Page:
1) These are the first eight lines of a Shakespearian sonnet, which serve to ridicule Petrarchan norms of conceit by contradicting them. Shakespeare's sonnets generally tended to be more progressive than either those of Sidney or Spenser, embracing a wider range of emotions beyond pure praise and love. Although this sonnet does address itself to praising a lady, it does so in an obvious irony - it tells all the things this lady is not.
And this is quite circuitous:
This passage takes place in Enrour's Den of Spenser's "The Faerie Queen" and describes evil Enrour when she had finally gotten a strong hold around the Red Cross Knight. He came to this cave out of curiosity and because of his pride, did not listen to Una's warnings to avoid it. "God help the man" is exactly what Spenser makes to happen: the quote in the second stanza comes from Una, who is faith and unity, representing how God's grace can save man from the evils he falls into when he sins.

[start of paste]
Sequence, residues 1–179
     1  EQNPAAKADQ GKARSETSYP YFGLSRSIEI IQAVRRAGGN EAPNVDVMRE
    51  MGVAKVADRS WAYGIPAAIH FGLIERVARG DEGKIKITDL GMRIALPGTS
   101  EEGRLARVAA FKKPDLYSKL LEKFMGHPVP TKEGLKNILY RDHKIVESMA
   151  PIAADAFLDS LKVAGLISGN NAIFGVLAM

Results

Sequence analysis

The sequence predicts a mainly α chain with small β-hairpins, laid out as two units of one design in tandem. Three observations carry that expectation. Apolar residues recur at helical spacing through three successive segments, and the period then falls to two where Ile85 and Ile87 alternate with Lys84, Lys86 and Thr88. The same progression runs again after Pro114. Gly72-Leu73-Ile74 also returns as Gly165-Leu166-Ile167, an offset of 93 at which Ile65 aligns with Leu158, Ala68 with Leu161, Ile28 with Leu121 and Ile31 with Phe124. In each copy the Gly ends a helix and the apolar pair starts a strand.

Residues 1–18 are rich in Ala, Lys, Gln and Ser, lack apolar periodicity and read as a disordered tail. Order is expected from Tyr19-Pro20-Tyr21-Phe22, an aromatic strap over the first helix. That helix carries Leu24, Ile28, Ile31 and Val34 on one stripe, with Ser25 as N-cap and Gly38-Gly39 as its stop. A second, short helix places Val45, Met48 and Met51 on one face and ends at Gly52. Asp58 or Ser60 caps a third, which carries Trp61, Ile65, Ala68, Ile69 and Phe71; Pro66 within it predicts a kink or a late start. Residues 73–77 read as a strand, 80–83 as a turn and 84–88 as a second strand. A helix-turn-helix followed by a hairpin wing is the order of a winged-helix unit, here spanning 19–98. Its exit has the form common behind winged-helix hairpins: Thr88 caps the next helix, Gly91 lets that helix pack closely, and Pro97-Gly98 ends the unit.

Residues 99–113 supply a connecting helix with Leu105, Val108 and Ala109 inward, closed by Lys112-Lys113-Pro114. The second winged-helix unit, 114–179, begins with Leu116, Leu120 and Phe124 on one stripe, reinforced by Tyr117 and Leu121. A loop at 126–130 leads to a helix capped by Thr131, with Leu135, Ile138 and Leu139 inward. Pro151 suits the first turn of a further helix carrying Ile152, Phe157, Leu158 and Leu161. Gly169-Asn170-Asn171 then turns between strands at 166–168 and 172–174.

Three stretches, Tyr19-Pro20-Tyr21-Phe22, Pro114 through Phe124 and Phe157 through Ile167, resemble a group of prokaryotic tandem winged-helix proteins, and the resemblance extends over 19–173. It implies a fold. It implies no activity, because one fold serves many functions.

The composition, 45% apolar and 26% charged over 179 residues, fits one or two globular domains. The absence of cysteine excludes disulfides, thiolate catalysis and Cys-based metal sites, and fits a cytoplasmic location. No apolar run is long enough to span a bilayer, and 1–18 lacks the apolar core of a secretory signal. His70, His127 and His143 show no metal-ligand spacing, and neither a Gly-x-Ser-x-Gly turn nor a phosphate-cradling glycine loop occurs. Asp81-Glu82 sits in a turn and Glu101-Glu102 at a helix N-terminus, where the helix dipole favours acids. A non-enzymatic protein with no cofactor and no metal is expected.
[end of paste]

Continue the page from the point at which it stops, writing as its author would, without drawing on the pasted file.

3) In Marlowe's "Dr. Faustus," the central idea is the conflict between faith and reason. Faustus himself was a scientist-turned-magician, who sought to gain power using supernatural forces Marlowe reserves for God's use. This particular scene occurs about three-quarters of the way through the play and gives this conflict names and voices. The evil angel and Lucifer mean to convince Faustus that his contract is binding and that since he has turned away from God, he cannot, of course, be saved. However, Faustus does not see (as the Good Angel tries to explain) that this logical arguement [sic] does not apply — Christ is ever-merciful and can save the repentant man if he is asked to.
There are six more pages of this, two 12-point questions and two 30-point ones. My goodness. This is the person who eschewed in fear the GRE subject test. Indeed. And once had a lover who got a doctorate of poetry. He wanted children. Even a decade's-worth of attraction and dance can't change that difference.
Subjects in rest of "blue book" include: Ptolemaic cosmology, metaphysical conceit, transformation and exchange of viewpoints in "A Mid-Summer Night's Dream," and Milton's portrayal of Satan as non-heroic (an argument against the Romantics).